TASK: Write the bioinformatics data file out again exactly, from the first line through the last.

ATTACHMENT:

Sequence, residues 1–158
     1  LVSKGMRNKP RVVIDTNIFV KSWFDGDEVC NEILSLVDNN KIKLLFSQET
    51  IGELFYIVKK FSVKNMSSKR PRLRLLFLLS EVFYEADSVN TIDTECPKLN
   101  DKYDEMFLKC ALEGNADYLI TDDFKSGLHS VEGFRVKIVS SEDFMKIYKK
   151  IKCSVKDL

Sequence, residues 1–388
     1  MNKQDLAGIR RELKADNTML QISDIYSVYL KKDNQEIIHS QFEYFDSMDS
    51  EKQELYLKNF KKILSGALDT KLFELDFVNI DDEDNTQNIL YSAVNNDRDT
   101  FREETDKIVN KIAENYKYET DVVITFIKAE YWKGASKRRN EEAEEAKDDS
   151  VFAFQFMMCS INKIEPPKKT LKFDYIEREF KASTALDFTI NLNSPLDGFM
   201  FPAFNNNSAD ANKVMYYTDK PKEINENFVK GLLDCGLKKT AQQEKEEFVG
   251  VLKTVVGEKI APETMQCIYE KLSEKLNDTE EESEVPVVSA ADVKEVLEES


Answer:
Sequence, residues 1–158
     1  LVSKGMRNKP RVVIDTNIFV KSWFDGDEVC NEILSLVDNN KIKLLFSQET
    51  IGELFYIVKK FSVKNMSSKR PRLRLLFLLS EVFYEADSVN TIDTECPKLN
   101  DKYDEMFLKC ALEGNADYLI TDDFKSGLHS VEGFRVKIVS SEDFMKIYKK
   151  IKCSVKDL

Sequence, residues 1–388
     1  MNKQDLAGIR RELKADNTML QISDIYSVYL KKDNQEIIHS QFEYFDSMDS
    51  EKQELYLKNF KKILSGALDT KLFELDFVNI DDEDNTQNIL YSAVNNDRDT
   101  FREETDKIVN KIAENYKYET DVVITFIKAE YWKGASKRRN EEAEEAKDDS
   151  VFAFQFMMCS INKIEPPKKT LKFDYIEREF KASTALDFTI NLNSPLDGFM
   201  FPAFNNNSAD ANKVMYYTDK PKEINENFVK GLLDCGLKKT AQQEKEEFVG
   251  VLKTVVGEKI APETMQCIYE KLSEKLNDTE EESEVPVVSA ADVKEVLEES